Cited and relied upon in following cases: Means v. Dowd, 128 U. 8. 284, 287, 32 L. 435, 436, 9 S. Ct. 68, 70, and Sparks v. Mack, 31 Ark. 670, 671, reviewing authorities, assignment, with beneficial interest reserved to insolvent debtor, held void; Crooks v. Stuart, 2 McCrary, 17, 18, 7 Fed. 803, 804, setting aside mortgage, where mortgagor continued business on his own account, with mortgagee's assent; Simon v. Openheimer, 20 Fed. 556, Rumsey v. Town, 20 Fed. 567, and Jewett v. Lundback, 5 S. Dak. 124, 58 N. W. 25, mortgage vold as to persons dealing with mortgagor, after its execution, and before recording; In re Bloom, 3 Fed. Cas. 726, and Lyon v. Council Bluffs Sav. Bank, 29 Fed. 573, 575, 576, 578, reviewing numerous authorities, Wilson v. Voight, 9 Colo. 617, 619, 13 Pac. 728, 729, Logan v. Logan, 22 Fla. 566, 567, 1 Am. St. Rep. 215, 216, Lewiston Nat. Bapk v. Martin, 2 Idaho, 705, 706, 23 Pac. 921, 922, Mobley v. Letts, 61 Ind. 20, Harman v. Hoskins, 56 Miss. 148, Leopold v. Silverman, 7 Mont. 275, 276, 277, 278, 16 Pac. 582, 583, Rocheleau v. Boyle, 11 Mont. 461, 462, 463, 466, 28 Pac. 875, 876, 877, Lutz v. Kinney, Nev. 49 Pac. 455, and Greeley v. Winsor, 1 S. Dak. 622, 48 N. W. 215, all following rule upon similar state of facts; In re Foster, 9 Fed. Cas. 525, such mortgage a fraudulent convey. ance, under bankrupt act; Wells v. Langbein, 20 Fed. 184, 185, reviewing cases, possession, taken under such mortgage, void against subsequent attachment; Benedict-Hall Co. v. Renfro Bros., 75 Ala. 124, 125, 127, 51 Am. Rep. 429, 430, 432, reviewing numerous authorities, mortgage void against creditors, where such power was necessarily implied; McDermott v. Eborn, 90 Ala. 260, 7 So. 752, and Eckman v. Munnerlyn, 32 Fla. 374, 13 So. 924, reviewing authorities; Stein v. Munch, 24 Minn. 394, Spiegelberg v. Hersch, 3 N. Mex. 283, 284 (205, 205), 4 Pac. 706, Bank v. Cooke, 3 Okl. 547, 549, 551, 41 Pac. 633, 634, and Orton v. Orton, 7 Or. 483, 33 Am. Rep. 720, cases in which mortgagor in possession continued sales for his own benefit under verbal agreement; Dougherty v. Bogy, Ind. Ter. -, 53 8. W. 549, where mortgage operated to delay creditors, actual purpose was immaterial; McCarthy v. Miller, 41 Mo. App. 205, though valid on face, court of equity declared mortgage fraudulent upon evidence; Leopold v. Silverman, 7 Mont. 275, 276 277, 278, 16 Pac. 582, 583, mortgage void, though mortgagor was to account for sales; Peiser v. Peticolas, 50 Tex. 646, 647, 32 Am. Rep. 623, 625, and Wineburgh v. Schær, 2 Wash. Ter. 334, 335, 6 Pac 800, 301, mortgage void, where sales were continued on belialf of mortgagor by tacit consent; McKibbon v. Brigham, 18 Utah, 83, 84, 55 Pac. 67, mortgage invalid, though net proceeds were to be appled on debt; Byrd v. Forbes, 3 Wash. Ter. 328, 13 Pac. 717, where sales were to be “ for sole use and benefit of mortgagee; ” Blakes lee v. Rossman, 43 Wis. 124, where one-half proceeds were left to mortgagor's disposition; First Nat. Bank v. Knowles, 67 Wis. 387. 28 N. W. 230, trust deed of personalty fraudulent; dissenting opinion in Frankhouser v. Ellett, 22 Kan. 152, majority sustaining mortgage authorizing sale with net proceeds to apply on debt. Cited also in notes in 99 Am. Dec. 550, 31 Am. Rep. 180, and 15 Am. St. Rep. 914, 915.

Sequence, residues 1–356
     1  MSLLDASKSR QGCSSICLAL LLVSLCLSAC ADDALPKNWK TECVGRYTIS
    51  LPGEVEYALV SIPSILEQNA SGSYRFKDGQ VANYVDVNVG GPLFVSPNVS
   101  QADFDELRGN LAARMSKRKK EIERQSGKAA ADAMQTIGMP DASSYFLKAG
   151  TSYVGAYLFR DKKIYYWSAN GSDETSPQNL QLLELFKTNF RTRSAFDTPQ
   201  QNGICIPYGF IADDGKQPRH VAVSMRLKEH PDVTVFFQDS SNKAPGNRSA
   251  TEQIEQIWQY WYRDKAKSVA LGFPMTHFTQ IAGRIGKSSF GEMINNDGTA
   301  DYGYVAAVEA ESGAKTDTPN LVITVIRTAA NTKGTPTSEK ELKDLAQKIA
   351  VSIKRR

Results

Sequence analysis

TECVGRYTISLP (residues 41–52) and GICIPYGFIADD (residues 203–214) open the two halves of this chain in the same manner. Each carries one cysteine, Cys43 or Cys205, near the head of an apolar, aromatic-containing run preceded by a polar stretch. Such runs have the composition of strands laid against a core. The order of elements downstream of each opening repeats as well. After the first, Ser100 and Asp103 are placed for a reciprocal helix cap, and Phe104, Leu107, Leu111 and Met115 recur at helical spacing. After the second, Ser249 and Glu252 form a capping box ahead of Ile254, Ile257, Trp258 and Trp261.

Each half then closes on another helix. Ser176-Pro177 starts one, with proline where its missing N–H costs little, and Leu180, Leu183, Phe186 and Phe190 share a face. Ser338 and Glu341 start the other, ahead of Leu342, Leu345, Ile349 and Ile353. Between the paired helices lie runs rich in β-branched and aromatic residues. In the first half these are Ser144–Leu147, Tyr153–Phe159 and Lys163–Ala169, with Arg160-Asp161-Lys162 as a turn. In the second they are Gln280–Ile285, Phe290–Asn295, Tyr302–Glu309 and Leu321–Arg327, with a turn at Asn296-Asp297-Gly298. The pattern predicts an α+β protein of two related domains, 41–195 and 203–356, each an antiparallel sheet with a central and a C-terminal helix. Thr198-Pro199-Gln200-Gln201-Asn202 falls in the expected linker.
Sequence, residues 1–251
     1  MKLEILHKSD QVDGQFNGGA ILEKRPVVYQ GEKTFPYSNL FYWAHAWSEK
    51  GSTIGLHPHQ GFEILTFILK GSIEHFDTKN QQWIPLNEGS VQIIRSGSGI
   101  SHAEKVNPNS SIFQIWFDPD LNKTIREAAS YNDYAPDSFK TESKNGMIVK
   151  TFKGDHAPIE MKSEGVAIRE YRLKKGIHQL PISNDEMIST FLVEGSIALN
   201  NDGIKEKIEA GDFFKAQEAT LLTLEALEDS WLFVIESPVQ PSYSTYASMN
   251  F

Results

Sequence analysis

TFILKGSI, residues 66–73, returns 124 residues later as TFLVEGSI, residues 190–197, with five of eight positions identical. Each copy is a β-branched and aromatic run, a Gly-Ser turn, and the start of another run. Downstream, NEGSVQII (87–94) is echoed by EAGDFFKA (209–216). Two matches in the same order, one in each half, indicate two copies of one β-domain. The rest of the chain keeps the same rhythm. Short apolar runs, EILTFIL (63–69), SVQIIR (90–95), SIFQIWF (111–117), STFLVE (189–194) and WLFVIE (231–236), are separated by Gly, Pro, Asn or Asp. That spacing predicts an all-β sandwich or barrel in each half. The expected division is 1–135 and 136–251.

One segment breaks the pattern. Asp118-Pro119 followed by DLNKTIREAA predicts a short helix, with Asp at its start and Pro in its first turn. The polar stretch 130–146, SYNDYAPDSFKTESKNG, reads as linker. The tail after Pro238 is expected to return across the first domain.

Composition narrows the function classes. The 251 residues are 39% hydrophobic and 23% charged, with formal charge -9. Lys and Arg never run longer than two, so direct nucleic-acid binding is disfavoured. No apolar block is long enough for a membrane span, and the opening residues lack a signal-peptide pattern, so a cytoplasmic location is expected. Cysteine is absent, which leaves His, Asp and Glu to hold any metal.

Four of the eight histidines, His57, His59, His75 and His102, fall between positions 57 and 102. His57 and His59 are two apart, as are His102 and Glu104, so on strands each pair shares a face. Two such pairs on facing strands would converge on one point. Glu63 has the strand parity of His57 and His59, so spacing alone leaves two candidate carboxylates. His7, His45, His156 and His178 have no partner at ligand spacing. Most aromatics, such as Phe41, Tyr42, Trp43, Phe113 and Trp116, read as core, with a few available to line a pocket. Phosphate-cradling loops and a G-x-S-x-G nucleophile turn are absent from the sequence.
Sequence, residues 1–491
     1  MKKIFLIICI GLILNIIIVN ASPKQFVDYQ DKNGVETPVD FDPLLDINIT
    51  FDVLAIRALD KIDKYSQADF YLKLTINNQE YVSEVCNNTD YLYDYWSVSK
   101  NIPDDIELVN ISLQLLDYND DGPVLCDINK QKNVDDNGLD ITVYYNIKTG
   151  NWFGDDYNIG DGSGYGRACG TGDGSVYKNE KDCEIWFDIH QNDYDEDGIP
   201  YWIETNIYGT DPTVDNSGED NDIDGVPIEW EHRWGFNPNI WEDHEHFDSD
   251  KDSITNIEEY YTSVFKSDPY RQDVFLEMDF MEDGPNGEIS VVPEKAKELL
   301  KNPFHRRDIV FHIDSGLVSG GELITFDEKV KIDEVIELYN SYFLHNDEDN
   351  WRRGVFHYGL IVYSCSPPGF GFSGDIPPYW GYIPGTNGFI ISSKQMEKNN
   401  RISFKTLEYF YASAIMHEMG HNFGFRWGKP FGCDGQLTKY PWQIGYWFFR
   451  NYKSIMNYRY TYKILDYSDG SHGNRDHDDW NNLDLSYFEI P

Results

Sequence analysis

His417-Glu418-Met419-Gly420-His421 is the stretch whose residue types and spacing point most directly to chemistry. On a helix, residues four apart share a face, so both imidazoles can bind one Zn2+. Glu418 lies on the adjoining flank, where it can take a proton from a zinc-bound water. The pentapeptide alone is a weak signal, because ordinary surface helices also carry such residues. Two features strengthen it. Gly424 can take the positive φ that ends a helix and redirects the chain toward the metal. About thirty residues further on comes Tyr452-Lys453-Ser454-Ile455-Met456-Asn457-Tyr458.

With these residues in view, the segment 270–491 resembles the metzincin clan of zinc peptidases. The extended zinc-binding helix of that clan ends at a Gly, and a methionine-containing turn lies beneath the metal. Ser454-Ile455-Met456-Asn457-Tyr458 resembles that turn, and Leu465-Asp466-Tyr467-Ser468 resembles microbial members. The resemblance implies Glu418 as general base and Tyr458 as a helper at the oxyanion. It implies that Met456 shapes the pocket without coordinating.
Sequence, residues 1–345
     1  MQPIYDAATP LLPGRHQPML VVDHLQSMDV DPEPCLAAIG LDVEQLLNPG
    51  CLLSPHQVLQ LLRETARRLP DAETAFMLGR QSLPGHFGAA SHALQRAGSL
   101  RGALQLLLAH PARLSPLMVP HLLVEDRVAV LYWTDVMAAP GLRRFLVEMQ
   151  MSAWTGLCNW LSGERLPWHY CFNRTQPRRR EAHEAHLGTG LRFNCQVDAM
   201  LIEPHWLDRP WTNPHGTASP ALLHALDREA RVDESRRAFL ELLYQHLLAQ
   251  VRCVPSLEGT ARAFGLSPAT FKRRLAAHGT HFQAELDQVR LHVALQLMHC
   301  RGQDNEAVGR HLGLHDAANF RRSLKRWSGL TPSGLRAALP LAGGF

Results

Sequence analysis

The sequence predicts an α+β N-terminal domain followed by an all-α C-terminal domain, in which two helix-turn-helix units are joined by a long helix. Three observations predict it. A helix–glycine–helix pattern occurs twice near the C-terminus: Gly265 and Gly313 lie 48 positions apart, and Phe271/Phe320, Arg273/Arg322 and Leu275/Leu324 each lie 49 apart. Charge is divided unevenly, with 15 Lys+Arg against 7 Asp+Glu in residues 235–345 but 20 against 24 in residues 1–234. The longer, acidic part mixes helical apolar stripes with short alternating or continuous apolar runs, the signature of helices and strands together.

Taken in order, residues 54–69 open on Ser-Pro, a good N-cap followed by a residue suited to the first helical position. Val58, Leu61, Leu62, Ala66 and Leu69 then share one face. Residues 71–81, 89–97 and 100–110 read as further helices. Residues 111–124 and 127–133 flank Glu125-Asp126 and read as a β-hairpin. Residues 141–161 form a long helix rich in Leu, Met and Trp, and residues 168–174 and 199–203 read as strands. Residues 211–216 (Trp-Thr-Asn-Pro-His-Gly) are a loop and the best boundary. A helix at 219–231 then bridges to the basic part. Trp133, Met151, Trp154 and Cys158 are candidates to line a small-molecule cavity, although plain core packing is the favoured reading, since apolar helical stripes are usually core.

Distinguished in People's Say. Bank v. Bates, 120 U. S. 561, 30 L. 706, 7 S. Ct. 681, holding terms of mortgage contemplated no such result; Etheridge v. Sperry, 139 U. S. 272, 273, 275, 35 L. 174, 175. 11 S. Ct. 567, 568, mortgage valid where net proceeds of sales were paid to mortgagee; Huntley v. Kingman, 152 U. S. 533, 535, 88 L. 543, 14 S. Ct. 691, reviewing authorities, assignment for beneft of certain of creditors, reserving surplus, valid; Argall v. Seymour, 4 McCrary, 56, 57, 58, 48 Fed. 548, 549, 550, mortgage not void because mortgagee did not at once take possession; Miller v. Jones, 17 Fed. Cas. 323, 324, where mortgage contemplated no such result, retention and sale of goods did not make it fraudulent; Morse v. Riblet, 22 Fed. 502, and Hills v. Stockwell, 23 Fed. 436, under ruling of State court fraud in such case held question of fact; Maish v. Bird, 22 Fed. 577, 578, 579, 580, mortgage sustained where pro ceeds of sales were to be applied on the debt; First Nat. Bank v. Lindenstruth, 79 Md. 139, 47 Am. St. Rep. 368, 28 Atl. 808, mere retention of possession did not render mortgage fraudulent; Eph-. raim v. Kelleher, 4 Wash. 250, 251, 252, 253, 256, 29 Pac. 987, 988, 989, 18 L R. A. 618, 620, 621, 622, 624, 625, and n., reviewing cases, and sustaining mortgage where part of proceeds were to be applied on debt and part to replenishing stock. Criticised in Lister V. Simpson, 38 N. J. Eq. 441, reviewing cases, mortgage, with power to sell in usual course, not per se void. Criticised in note in 15 Am. St. Rep. 915.

Bankruptcy.- A mortgage, void as to other creditors, held void as to assignee of bankrupt mortgagor, p. 526.

Cited in In re Gurney, 7 Biss. 416, F. O. 5,873, where assignee avoided unrecorded bill of sale; Lane v. Innes, 43 Minn. 142, 45 N. W. 6, where assignee maintained action to set aside fraudulent conveyance.

Bankruptcy.- If holder of chattel mortgage, on its face vold as to creditors, seizes the goods within forbidden tine, transaction is in violation of preference clause of bankrupt act, p. 527.